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The day Newt Gingrich met Arlene Ackerman

I'm trying to figure out which is more shocking: The fact that Newt Gingrich has become the overwhelming frontrunner in the GOP 2012 field, or the fact that the frontrunner in the GOP 2012 field is the same guy who just 28 short months ago came to Philadelphia with the Rev. Al Sharpton and President Obama's Education Secretary Arne Duncan to tour a charter school, and a traditional public school, with now ousted and arguably disgraced former schools superintendent Arlene Ackerman in tow.

Gingrich said wonderful things both about the Mastery Charter School -- whose biggest and best-known donor is Oprah Winfrey -- and, by implication, the work that Ackerman was doing here.

This excerpt should give you a feel what went down here in Philly on Sept. 29, 2009:

It is a high-poverty system where only about half the students can read and write at grade level. But bright spots like Mastery make Superintendent Arlene Ackerman optimistic that the district is "in a breakthrough mode," and that a combination of reforms may be the best way to help students.

Ackerman, who sat in on the tour, plans to pursue a "renaissance" strategy similar to one Duncan did when he was schools chief in Chicago. Philadelphia's first cohort of "renaissance schools," to be identified later this fall, will be essentially shut down in June and reopened next fall with new staffs and new academic focus.

Gingrich, Sharpton and Duncan also visited Delaplaine McDaniel Elementary School in Philadelphia, a high-poverty school run by the district that met federal education standards for several consecutive years.

Gingrich said both schools give him "a sense of great hope" for bettering the U.S. education system, which lags many of its international counterparts.

From an education policy standpoint, there's nothing too alarming about the event -- placed in the contect of 2009, when the then-new Obama administration started casting for a middle ground on education reform that would include greater tolerance for some forms of school choice, while hopefully not completely alienating teachers' unions. Many conservatives like Gingrich like charter schools -- even though they like vouchers for private and even religious schools even better.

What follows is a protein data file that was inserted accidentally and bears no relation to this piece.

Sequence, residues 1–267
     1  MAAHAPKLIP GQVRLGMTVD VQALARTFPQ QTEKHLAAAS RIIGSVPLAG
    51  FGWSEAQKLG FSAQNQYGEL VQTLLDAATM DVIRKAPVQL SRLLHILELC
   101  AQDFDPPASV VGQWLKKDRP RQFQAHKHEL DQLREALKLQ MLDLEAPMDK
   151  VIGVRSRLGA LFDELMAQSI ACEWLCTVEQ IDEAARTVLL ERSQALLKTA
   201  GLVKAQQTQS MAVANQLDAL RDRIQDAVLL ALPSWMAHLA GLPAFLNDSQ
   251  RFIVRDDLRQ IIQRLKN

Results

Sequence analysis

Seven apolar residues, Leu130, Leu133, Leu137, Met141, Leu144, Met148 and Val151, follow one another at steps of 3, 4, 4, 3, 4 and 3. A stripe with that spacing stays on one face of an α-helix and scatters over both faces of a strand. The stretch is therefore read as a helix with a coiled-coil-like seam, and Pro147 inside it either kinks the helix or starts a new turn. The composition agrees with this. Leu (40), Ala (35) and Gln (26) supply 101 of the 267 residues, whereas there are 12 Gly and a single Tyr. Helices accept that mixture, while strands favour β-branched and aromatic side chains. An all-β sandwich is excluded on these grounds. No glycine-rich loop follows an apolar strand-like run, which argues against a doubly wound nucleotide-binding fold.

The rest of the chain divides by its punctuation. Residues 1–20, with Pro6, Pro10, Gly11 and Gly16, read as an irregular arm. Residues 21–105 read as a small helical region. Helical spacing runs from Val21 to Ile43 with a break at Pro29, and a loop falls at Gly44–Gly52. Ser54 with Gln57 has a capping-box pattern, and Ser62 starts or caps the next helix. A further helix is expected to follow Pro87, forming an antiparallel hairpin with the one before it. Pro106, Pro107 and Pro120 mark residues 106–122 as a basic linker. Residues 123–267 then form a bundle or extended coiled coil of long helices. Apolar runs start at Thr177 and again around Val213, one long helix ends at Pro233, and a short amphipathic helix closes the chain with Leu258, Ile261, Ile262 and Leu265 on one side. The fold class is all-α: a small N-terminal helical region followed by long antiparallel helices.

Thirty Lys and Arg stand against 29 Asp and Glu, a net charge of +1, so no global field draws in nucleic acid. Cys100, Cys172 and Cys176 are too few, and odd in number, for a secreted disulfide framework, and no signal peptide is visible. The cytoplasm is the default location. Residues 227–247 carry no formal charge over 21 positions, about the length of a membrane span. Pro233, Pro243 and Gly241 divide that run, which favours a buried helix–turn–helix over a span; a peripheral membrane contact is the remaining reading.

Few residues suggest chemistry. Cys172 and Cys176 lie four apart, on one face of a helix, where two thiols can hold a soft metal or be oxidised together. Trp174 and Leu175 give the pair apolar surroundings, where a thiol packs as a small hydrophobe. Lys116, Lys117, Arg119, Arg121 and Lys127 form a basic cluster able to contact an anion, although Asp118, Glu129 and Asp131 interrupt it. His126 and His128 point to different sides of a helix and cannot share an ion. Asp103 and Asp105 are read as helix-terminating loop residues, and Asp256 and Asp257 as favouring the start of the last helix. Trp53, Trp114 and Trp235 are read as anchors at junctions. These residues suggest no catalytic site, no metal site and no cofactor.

But from a political standpoint, to see Gingrich -- now appealing for and actually winning the votes of Tea Partiers who see any cooperation with Team Obama as a kind of treason -- playing footsie with an Obama cabinet secretary and a bete noire of the right wing like Sharpton is more than a little jarring.

Why do these things not hurt Gingrich, when his chief rival Mitt Romney gets savaged on the right for once being in the same place, more or less, with Obama (and Ted Kennedy) on a different issue, health care reform? I can't articulate this very well, but it's as if voters feel Romney has never once defined who he is while Gingrich has successfully defined who he is -- even though "who he is" is a politician who's all over the map at any given time. That's just Newt being Newt.

I also wonder what else was going in 2009. Many folks were at first bewildered when Sharpton -- who has ties, both financially and ideologically, to teachers' unions' groups -- started advocating for charter schools; they were later shocked, shocked to learn that a mega-billions hedge fund linked to conservative school reform had channelled a $500,000 donation to Sharpton's National Action Network when the organization was struggling with tax woes.

So what was Next's angle here?